The Atlanta, GA native transferred to Universal Technical Institute (UTI) Houston in September 2015, despite pushback from her parents.
“Attending a trade school was always my first choice, so transferring to UTI Houston wasn't a spur of the moment decision. It was one I had contemplated for years prior to actually moving,” explained Storey. “I've loved the body lines and sleek finishes of cars since I can remember.”
Being the only woman in her classes, Storey said she had to prove herself.
“Before classmates called me by my name, [I was referred to as] ‘girl,’ ‘chick’, or my personal favorite ‘that female,’” Storey said. ”I was constantly questioned and treated like a damsel in distress. I couldn't just show up and be respected like everyone else.”
She added that she would refuse help just to make a point.
“If I couldn't figure it out alone, my preference was to fail until I did to prevent having to be saved,” Storey explained.
She said she doesn’t know where she’d be without support from her friends.
“My closest friends knew I wanted to be happy and could be successful at whatever I put 100 percent into,” she added.
Jasmine and her classmates on graduation day.
A year later in September 2016, Storey graduated amongst the top students in her class with a 3.94 GPA, three perfect attendance awards, several scholarships, and two job offers. She specializes in refinishing and mechanical repairs related to collision.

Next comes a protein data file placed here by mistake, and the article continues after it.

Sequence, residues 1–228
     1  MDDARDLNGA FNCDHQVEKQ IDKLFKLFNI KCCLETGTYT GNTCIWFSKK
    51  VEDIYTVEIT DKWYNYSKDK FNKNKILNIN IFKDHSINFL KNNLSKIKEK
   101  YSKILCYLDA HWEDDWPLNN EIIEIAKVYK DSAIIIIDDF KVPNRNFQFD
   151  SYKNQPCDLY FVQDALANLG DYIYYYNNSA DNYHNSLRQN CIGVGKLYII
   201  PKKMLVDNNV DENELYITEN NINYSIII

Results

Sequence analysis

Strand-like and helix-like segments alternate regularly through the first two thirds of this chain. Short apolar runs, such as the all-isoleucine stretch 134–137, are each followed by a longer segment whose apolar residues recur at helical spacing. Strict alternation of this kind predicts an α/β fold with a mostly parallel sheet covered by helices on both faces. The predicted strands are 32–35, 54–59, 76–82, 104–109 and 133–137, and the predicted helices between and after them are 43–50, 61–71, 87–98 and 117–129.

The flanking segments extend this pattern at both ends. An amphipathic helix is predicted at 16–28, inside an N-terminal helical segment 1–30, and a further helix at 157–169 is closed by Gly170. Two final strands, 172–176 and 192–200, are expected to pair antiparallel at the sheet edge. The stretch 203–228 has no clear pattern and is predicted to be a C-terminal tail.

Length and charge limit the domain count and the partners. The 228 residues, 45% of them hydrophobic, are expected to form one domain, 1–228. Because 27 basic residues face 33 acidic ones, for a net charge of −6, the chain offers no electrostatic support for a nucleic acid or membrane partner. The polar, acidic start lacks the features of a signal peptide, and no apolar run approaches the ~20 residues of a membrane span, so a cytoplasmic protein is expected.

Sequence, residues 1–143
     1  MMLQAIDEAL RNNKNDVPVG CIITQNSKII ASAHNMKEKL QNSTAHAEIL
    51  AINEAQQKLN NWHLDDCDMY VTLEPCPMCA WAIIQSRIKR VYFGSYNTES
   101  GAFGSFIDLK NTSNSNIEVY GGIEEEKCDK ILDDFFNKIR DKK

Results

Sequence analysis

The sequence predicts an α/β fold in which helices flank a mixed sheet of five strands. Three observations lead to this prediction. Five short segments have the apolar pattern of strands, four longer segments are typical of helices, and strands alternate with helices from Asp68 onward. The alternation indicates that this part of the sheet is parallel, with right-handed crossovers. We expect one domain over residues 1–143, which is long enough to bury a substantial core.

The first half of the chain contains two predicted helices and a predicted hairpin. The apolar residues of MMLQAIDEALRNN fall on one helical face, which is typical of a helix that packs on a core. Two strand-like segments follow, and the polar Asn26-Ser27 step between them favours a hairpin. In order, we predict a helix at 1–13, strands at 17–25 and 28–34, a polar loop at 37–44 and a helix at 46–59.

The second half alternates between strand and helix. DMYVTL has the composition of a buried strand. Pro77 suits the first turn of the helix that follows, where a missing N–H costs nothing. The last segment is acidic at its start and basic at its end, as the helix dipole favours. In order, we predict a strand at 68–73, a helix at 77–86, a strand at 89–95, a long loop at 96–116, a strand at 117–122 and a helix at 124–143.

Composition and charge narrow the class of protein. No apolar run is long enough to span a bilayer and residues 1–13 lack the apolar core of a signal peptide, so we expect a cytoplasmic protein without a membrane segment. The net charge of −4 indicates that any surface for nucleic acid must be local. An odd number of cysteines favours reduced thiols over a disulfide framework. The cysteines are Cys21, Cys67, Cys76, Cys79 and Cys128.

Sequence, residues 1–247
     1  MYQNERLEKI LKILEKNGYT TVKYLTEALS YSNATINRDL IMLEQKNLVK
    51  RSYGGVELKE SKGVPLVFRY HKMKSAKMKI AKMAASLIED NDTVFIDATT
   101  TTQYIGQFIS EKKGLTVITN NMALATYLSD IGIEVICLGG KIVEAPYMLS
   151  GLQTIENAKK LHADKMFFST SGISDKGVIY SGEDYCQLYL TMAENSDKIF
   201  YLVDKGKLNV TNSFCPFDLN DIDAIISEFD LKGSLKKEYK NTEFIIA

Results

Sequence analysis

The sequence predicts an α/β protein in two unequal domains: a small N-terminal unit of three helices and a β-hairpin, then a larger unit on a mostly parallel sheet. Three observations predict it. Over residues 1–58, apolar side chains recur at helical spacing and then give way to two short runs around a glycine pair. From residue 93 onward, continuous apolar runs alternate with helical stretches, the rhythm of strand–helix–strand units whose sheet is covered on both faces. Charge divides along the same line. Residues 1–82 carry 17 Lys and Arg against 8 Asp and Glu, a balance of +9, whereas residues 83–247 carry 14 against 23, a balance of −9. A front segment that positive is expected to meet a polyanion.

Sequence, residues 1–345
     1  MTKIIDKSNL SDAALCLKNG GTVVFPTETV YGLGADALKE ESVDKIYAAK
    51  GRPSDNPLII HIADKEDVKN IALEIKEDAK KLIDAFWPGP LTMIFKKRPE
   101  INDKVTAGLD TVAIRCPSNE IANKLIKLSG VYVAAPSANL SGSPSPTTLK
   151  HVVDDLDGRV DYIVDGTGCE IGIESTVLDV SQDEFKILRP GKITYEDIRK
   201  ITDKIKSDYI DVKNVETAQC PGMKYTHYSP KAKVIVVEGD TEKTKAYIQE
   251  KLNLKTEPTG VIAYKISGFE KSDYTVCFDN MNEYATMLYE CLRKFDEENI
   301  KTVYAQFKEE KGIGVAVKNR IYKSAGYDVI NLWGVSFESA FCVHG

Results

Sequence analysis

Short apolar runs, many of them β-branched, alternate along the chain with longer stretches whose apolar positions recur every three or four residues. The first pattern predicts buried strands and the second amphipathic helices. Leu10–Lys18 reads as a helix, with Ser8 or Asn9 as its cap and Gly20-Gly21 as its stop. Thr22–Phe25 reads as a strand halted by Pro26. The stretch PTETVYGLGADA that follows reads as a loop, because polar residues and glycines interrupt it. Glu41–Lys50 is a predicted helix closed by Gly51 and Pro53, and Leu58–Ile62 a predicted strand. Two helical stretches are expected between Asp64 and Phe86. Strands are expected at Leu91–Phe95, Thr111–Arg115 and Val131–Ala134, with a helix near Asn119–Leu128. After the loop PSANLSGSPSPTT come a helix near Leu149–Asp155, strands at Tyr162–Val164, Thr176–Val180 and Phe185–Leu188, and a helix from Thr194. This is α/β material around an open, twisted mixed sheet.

Storey said the most rewarding aspect of attending UTI Houston was “being in a supportive environment where I didn't have to validate why I love collision repair and refinishing. Everyone understood.”
Storey said that, in her experience, the benefits of attending a trade school outweighed those of attending a four year program.
"'If you give a man a fish, he dines for a day. If you teach a man to fish, he dines for a lifetime,'" she quoted. “Hard skills equip a person with resources to live and work well for a long period of time. You also save money and are then able to make a living much sooner.
“A trade school education is an investment that will always yield a return,” she added.
In five to seven years, Storey said she hopes to acquire her Master Technician status and prepare to enter management. In 10 to 20 years, she said she plans to own and operate a collision repair and refinish shop.
When asked what advice she’d give other women looking to pursue the same career path, she said, “Ignore the noise and have tunnel vision-like focus. Set a goal of being and staying in this industry and fight to accomplish it everyday. Do not be deterred by naysayers. They aren't going anywhere; become comfortable with this reality.”